Fiver hitch placement in the truck

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spatengal

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Good Morning
I am changing trucks and putting my Firehawk II in a 2000 Dodge 4X4 3500 Dually. I know that the placement of the hitch is very important and that 1" can make a difference. Does anyone have the information on measurements for a fiver hitch
Thanks
Pam
 

Chet18013

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Mar 5, 2005
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Full time in RV. Home is where we are parked
spatengal said:
Good Morning
I am changing trucks and putting my Firehawk II in a 2000 Dodge 4X4 3500 Dually. I know that the placement of the hitch is very important and that 1" can make a difference. Does anyone have the information on measurements for a fiver hitch
Thanks
Pam

You might want to consider a new hitch that will give you some flexability. See:

http://www.reesehitch.com/fithwheel_Signature%20Series.html

Chet
 

Gary RV_Wizard

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Feb 2, 2005
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At our Silver Springs FL home
The slot in the hitch where the trailer king pin latches is usually placed about 6 inches ahead of the rear axle and on the truck's centerline. There is somesmall  latitude in fore/aft placement. Further forward helps shift weight to the front axle and makes the trailer more easily maneuverable when backing but also makes the trailer "lag" (cut the corner) a bit more when turning in the forward direction. Closer to the truck's rear axle makes the that axle carry more weight and requires that you turn the truck steering wheel more radically when backing.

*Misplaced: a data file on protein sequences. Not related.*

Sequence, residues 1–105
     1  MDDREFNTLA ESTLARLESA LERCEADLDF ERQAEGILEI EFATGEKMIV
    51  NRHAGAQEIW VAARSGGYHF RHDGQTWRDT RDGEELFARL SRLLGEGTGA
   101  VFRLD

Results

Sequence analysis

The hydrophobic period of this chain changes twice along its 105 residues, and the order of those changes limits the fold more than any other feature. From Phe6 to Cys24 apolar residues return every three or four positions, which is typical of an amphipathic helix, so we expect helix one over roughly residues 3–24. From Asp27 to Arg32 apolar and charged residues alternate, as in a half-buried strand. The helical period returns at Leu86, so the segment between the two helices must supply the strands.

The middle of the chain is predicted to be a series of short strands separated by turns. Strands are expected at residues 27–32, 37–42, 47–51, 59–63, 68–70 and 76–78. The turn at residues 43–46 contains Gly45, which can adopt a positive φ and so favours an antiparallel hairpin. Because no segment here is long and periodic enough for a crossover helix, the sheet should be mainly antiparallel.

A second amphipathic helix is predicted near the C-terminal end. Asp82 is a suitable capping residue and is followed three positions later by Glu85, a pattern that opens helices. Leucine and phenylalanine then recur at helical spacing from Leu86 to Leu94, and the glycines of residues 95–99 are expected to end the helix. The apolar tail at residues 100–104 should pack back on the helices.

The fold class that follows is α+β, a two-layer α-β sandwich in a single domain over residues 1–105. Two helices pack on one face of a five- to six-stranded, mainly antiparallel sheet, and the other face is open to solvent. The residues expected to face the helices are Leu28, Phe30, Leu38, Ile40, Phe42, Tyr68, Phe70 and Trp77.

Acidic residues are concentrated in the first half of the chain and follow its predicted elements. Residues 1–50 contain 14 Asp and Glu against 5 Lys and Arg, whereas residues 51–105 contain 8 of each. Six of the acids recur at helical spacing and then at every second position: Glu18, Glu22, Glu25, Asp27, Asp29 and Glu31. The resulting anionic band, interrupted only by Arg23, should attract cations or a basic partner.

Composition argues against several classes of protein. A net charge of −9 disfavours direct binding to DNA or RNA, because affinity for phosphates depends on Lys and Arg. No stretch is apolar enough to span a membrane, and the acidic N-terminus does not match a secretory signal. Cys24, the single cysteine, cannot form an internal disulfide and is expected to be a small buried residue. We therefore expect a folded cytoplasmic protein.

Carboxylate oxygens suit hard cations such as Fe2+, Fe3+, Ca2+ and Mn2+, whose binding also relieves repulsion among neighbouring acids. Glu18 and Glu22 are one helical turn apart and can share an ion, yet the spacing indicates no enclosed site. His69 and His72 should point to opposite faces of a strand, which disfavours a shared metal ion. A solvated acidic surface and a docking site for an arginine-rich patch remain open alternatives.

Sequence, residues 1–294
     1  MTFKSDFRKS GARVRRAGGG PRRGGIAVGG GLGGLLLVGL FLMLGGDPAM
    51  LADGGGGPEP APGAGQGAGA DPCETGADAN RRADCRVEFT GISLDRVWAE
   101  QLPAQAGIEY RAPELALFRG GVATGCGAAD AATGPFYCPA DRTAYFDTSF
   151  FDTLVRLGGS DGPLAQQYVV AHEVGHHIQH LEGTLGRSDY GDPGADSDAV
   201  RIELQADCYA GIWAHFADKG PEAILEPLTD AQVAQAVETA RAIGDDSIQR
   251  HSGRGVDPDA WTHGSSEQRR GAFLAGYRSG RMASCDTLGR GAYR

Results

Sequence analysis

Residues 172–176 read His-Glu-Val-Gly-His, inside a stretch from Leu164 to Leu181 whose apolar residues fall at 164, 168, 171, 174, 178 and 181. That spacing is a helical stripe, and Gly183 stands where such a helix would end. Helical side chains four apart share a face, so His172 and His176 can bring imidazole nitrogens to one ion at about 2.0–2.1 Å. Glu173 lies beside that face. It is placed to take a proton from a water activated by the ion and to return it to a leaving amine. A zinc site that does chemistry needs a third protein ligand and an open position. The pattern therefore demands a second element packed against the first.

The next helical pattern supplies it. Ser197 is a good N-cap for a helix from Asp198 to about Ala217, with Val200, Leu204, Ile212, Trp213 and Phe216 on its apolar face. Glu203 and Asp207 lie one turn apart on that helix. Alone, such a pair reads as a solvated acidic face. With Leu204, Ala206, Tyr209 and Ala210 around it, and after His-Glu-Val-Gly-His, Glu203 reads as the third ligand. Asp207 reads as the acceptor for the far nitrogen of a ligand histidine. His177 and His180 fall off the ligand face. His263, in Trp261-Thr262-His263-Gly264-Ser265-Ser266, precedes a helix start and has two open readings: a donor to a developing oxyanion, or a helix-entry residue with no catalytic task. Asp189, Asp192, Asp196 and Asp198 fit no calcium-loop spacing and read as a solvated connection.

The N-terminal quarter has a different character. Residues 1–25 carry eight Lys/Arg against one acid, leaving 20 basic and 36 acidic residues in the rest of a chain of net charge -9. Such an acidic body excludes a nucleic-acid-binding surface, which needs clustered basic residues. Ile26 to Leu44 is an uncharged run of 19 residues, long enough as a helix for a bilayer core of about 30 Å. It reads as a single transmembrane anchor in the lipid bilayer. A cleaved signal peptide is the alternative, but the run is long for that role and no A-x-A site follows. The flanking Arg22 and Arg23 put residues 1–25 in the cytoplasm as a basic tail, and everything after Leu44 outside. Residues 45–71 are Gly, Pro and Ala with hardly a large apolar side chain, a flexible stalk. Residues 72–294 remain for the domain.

In any case, measure the distance between the hitch location and the back of the cab and then try to figure out if the trailer will hit the cab in a turn.  Essentially you want 1/2 the width of the trailer plus an inch, but a couplel factors complicate how this is determined.  The king pin may be forward from the front of the trailer (an extended pin box) or be behind the front surface or the trailer may have rounded corners. All these change the geomtery of where the front corners go in a turn.  However, it is not necessary to allow clearance for a full 90 degree turn but be sure to remember when backing up so that you do not accidentally damage cab and trailer.  (There is almost no situation going forward where you would ever get at a 90 degree angle.)
 
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